Environmental factors contributing to childhood obesity include physical activities, sedentary lifestyles, nutritional behaviors, and/or socioeconomic status.  For instance, children are driven by bus or car to school instead of walking.  Parents work long hours and home cooked meals are replaced by take-out and fast foods.  Outdoor activities are replaced by the Internet, video games, and screen time.  McMurray et al., (2015) noted there was an increase in sedentary lifestyle and lack of physical activities on the weekend, which promoted obese parents who have obese children.     

Rogers et al. (2015) indicated that low socioeconomic status may impact the rate of childhood obesity.  Tomayko, Flood, Tandias, & Hanrahan (2015), showed that using EHR to identify childhood obesity, race/ethnicity, and socioeconomics was essential to pinpointing specific preventions and interventions at a community level, with a focus on low socioeconomic status.  Koning et al., (2016), noted with a healthy lifestyle such as eating healthier and joining sport activities, there was an improvement on overall weight.  However, those with a low socioeconomic status were at higher risk of unhealthier lifestyle choices and limited access to a healthy lifestyle. 

Additionally, America’s food portion and beverages have increased two to five times more over the years (Let’s Move, 2016).   With this increase, Americans are eating more than what is required, adding more calories, and consuming less nutrient-dense food.  These are not healthy eating habits and may be contributing factors to child and adolescent obesity in the United States.  Watt et al. (2012) found a strong correlation with low income Hispanic and infant obesity with the use of supplemental nutrition assistance program (SNAP/food stamps).  SNAP/food stamps are a resource for low-income families to buy grocery products however, those that use SNAP/food stamps often have unhealthy eating habits which in turn results in less nutrient-dense food being consumed.

Childhood obesity can be prevented within the United States and worldwide.  Reducing childhood obesity may help to prevent long-term, debilitating chronic diseasess seen in adulthood. Chronic diseases such as diabetes mellitus, hypertension, and asthma can be unmanageable and costly in adults. Simple changes such as eating healthy and being physically active may reduce the number of obese and overweight children and future adults.  There are several comorbidities associated with childhood and adolescent obesity which involves cardiovascular, endocrine, gastrointestinal, and psychosocial systems (Carroll, et al., 2015). Halfon, Larson, & Slusser (2013) found high associated risk factors between obesity and psychosocial health among children aged 10-17 years.  Disease risk factors included hypertension, dyslipidemia, diabetes type 2, and liver disease.  Okubo et al. (2016), noted that hospitalized pediatrics patients who were overweight/obese had a high risk of acute asthma exacerbation compared to those that were not overweight/obese.  Also, low self-esteem, poor body image, and depression were some of the psychosocial concerns (Carroll, et al., 2015).  In their study on childhood obesity and self-esteem, Strauss (2000) found a strong correlation between childhood obesity and low self-esteem and negative self-perception.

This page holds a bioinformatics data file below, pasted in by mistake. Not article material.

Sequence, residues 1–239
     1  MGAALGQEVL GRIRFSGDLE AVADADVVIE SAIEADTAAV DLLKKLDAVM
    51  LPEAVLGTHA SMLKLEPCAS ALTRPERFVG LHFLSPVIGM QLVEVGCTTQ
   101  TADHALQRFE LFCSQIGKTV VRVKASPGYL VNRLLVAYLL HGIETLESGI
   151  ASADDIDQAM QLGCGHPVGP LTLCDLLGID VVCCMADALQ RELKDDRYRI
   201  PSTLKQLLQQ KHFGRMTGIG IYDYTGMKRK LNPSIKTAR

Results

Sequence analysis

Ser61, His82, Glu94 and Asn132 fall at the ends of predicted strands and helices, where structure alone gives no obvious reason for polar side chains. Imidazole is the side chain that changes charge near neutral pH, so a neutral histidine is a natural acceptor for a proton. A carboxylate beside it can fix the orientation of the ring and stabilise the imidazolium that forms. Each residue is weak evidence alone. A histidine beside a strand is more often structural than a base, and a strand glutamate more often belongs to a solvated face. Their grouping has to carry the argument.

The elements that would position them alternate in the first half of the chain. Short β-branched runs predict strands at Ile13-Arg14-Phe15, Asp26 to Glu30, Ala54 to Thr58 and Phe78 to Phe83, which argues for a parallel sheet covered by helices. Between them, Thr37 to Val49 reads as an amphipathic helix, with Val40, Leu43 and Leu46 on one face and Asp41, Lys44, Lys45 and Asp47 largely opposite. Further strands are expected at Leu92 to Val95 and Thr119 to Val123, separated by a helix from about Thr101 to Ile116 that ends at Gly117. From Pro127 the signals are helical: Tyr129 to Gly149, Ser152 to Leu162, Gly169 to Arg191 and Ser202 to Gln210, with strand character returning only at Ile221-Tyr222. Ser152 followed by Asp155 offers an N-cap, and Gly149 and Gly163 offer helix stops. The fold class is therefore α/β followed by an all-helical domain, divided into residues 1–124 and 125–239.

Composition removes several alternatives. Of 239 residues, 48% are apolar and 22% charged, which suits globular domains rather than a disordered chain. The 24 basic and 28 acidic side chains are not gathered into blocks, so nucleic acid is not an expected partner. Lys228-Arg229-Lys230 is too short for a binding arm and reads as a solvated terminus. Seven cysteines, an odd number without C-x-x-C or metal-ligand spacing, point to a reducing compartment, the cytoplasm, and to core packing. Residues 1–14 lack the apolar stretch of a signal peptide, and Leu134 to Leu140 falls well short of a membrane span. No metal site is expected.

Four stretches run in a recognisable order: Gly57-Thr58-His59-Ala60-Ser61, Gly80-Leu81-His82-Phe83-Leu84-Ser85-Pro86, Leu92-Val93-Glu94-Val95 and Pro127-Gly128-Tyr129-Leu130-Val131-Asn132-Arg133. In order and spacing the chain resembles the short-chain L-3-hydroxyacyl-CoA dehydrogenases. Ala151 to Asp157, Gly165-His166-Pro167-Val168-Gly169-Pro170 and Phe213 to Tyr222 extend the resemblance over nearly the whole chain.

The healthcare industry faces many financial challenges with the treatment of childhood obesity.  Financial expenses include direct and indirect costs (Cawley, 2010). $14.1 billion of direct expenses consist of prescription drugs, emergency department visits, and outpatient costs, as well as $237.6 million of inpatient costs. Furthermore, greater expense is acquired when obese children become obese adults.  The approximate yearly cost of treating illnesses associated with obesity in adults is $146 billion (Cawley, 2010). Overall, if obesity can be prevented, treated, and managed, children’s quality of life improves, financial burden is minimized, and the number of adults with obesity will be reduced.

Theoretical Framework

The Health Belief Model (HBM) was developed in the 1950s by Godfrey Hochbaum, Irwin Rosenstock, and Stephen Kegels (Hayden, 2009).    The HBM was developed with the goal of helping to forecast public thoughts and behavior on health issues.  The social psychologists created this model while conducting tuberculosis (TB) medical screening which had little success with the public (Hayden, 2009).  Using the HBM to identify and categorize childhood obesity will help narrow the existing gap among pediatricians, communities, schools, and parents in terms of their perception and involvement in addressing obesity among children.  With the use of HBM and an EHR system, essential guidelines and recommendations to prevent, provide treatment, and manage obesity can be embedded into the system. This will prompt healthcare providers to engage with an individual that has been diagnosed with obesity, explain in depth the severity of disease, assess readiness to improve the current condition, and explain the benefits of improving lifestyles to reduce body weight.  Furthermore, using EHR or EMR to track and monitor childhood obesity on prevention measures supports treatment and management of care of those diagnosed.  Below are seven key components from HBM that were used as key concepts in this review: